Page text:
Land sales in the Gungahlin town centre will continue, after the Greens backed down from their original call to halt all sales until planning laws were changed.
Labor and the Greens have agreed to a watered-down motion that will require the Suburban Land Agency to undertake greater consultation with the Gungahlin community before future blocks are sold.
The ACT government will also make a pitch to the federal government about the benefits of opening new public service offices in the Gungahlin town centre.
The motion caused a fracture between Labor and the Greens when it was introduced to the territory's parliament last month. Labor believed the motion went against the parliamentary agreement's policy of urban infill and a commitment to build more affordable housing.
The parties were locked in discussions over the motion for the past few weeks, with an agreement finalised on Tuesday.
Greens backbencher Andrew Braddock said he believed the motion would give the Gungahlin community a say, as land sales would be subject to detailed consultation.
Mr Braddock had originally called for land sales to be halted until variations were made to the territory plan, that related to commercial space and height limits in the town centre.
But the amended motion does not go that far. Instead the Suburban Land Agency has been directed to consult widely before the sales of mixed-use and commercial blocks. The agency will also need to consider selling land in larger blocks to encouraging "place-making".
The motion has also confirmed there will be no reduction in parkland, community facility land or commercially zoned blocks in the Gungahlin town centre.
When asked why the amended motion did not call for land sales to be halted, Mr Braddock said the government had come to an agreement that suited the needs of both parties.
"As part of those discussions with the government we figured out there was still a way to get the outcomes we were looking for that met the community needs and also still enable the achievement of the parliamentary and governing agreement targets," he said.
The Gungahlin Community Council has consistently expressed concern about a lack of offices and community facilities in the town centre.
The amended motion will also compel the ACT government to prepare a prospectus for federal Finance Minister Simon Birmingham on the "relative benefits of moving new or growing federal agencies to Gungahlin".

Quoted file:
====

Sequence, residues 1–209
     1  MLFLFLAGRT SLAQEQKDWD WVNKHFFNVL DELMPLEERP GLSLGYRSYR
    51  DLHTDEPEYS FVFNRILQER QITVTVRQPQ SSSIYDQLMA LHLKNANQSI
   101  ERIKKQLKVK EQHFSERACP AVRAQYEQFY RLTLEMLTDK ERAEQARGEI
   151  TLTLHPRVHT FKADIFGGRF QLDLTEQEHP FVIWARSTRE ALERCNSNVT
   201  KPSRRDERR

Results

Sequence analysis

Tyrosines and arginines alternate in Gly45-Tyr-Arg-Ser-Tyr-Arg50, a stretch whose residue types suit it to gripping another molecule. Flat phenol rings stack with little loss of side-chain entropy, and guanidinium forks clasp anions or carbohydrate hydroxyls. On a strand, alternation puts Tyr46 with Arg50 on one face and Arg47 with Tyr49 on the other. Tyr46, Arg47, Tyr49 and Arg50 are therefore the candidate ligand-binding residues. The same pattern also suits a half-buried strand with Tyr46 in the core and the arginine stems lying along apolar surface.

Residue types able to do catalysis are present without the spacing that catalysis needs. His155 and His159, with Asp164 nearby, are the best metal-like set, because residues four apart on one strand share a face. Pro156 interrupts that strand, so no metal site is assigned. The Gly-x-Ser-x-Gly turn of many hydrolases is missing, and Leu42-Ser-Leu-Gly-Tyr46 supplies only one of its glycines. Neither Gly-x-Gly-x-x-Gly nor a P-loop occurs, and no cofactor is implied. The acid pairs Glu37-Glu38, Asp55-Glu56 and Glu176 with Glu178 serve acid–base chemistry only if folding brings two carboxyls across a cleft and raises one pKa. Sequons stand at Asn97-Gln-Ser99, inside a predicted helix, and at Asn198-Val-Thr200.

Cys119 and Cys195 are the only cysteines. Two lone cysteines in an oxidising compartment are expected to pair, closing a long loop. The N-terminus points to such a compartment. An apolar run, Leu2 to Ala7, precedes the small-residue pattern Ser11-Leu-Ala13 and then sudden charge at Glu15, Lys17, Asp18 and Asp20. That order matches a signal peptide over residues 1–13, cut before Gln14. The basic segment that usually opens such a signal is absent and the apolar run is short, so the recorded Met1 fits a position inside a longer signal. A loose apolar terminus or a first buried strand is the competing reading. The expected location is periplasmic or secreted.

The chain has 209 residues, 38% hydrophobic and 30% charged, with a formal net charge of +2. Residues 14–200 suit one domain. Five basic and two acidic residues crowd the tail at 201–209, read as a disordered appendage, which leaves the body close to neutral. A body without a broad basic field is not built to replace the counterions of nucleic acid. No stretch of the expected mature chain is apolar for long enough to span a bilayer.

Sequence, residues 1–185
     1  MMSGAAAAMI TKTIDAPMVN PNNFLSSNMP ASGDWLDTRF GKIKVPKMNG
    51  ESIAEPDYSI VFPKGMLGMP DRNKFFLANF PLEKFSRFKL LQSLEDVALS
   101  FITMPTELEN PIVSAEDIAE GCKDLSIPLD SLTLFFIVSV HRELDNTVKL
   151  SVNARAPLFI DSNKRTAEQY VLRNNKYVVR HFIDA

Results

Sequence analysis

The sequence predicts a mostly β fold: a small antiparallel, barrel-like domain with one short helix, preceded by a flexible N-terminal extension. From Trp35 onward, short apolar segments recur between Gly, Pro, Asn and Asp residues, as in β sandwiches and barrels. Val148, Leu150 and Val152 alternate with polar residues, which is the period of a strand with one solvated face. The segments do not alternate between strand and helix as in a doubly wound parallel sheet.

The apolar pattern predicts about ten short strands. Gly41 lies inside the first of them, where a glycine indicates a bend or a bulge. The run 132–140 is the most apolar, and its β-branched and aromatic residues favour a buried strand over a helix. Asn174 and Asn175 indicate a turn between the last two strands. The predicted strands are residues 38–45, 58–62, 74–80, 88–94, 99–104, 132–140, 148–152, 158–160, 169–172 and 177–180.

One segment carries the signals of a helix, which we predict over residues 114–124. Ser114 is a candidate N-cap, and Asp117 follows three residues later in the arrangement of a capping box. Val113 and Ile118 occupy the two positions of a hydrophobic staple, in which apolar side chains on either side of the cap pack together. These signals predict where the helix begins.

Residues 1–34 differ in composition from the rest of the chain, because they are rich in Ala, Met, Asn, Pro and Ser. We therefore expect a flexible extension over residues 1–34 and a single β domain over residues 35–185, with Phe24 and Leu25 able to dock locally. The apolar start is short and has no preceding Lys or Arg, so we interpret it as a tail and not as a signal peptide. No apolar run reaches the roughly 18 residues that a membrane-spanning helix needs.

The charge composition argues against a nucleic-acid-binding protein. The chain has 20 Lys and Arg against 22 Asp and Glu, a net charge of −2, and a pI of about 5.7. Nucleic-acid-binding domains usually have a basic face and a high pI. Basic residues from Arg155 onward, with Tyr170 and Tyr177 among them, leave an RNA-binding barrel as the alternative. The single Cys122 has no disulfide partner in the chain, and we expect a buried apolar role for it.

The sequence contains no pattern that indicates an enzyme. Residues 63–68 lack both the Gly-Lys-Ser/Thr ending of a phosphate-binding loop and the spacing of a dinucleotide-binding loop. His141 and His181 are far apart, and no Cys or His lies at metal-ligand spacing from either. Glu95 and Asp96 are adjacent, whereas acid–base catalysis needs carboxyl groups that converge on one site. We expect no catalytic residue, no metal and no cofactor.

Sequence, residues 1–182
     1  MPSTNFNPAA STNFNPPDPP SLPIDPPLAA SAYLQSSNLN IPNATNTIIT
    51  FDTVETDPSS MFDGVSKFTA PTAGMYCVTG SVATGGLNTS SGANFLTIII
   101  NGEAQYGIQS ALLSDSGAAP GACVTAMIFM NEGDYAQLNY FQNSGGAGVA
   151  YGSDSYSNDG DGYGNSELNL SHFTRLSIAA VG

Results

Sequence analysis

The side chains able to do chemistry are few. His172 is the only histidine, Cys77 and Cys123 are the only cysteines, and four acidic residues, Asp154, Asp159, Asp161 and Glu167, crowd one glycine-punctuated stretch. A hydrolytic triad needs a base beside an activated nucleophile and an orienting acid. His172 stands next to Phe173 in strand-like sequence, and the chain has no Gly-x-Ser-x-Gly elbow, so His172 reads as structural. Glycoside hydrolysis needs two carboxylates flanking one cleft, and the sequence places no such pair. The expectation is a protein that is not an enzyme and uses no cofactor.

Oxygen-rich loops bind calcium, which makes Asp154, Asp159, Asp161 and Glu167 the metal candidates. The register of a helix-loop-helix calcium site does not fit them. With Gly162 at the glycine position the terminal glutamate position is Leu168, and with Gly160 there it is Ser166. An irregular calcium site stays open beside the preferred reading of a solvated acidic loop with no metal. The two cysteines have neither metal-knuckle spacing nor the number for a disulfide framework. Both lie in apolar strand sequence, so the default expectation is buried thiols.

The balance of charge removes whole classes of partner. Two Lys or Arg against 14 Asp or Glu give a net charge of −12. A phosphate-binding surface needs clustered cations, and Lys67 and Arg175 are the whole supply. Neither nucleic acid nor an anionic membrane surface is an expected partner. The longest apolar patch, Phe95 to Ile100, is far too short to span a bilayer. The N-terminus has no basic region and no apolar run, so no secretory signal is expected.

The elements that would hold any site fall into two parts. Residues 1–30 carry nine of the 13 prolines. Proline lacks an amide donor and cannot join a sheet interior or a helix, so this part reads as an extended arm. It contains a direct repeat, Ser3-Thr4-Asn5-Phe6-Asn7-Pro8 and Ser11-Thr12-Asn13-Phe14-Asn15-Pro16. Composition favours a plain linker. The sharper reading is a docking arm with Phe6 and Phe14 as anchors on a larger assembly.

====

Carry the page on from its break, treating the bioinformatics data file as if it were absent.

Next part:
Defence Housing Australia's head office is set to move to the Gungahlin town centre next year.
A vote on Mr Braddock's original motion was controversially deferred in the last sitting period. Planning Minister Mick Gentleman called for the adjournment, citing a possible conflict of interest with the Assembly's planning committee.
The committee is currently examining a draft variation to the territory plan related to development in the Gungahlin town centre. The planning committee sought advice and no conflict of interest was found.
Mr Braddock said on Wednesday that more time was needed for Labor and the Greens to come to an agreement. He said the amendments had landed following "honest and constructive" negotiations to help the government achieve shared commitments from the Labor-Greens power-sharing agreement.
He said these included improving the planning system, giving residents a stronger say on how places are developed and to build more public and affordable housing properties.
Chief Minister Andrew Barr, who spoke on behalf of Housing Minister Yvette Berry, said the government promised to ensure more housing options were available in the power-sharing agreement.
"The government is happy to support the motion as amended before us today because it accurately reflects our determination to deliver housing for Canberrans in need while supporting growing communities," he said.
Canberra Liberals member for Yerrabi Leanne Castley slammed Mr Braddock for voting to defer the vote.
"As we know the Assembly debated Mr Braddock's notice of motion during the last sitting week and the Canberra Liberals announced that we would support it," she said.
"But then Mr Braddock sided with Labor to defer the vote leaving Canberrans confused about what they stand for."
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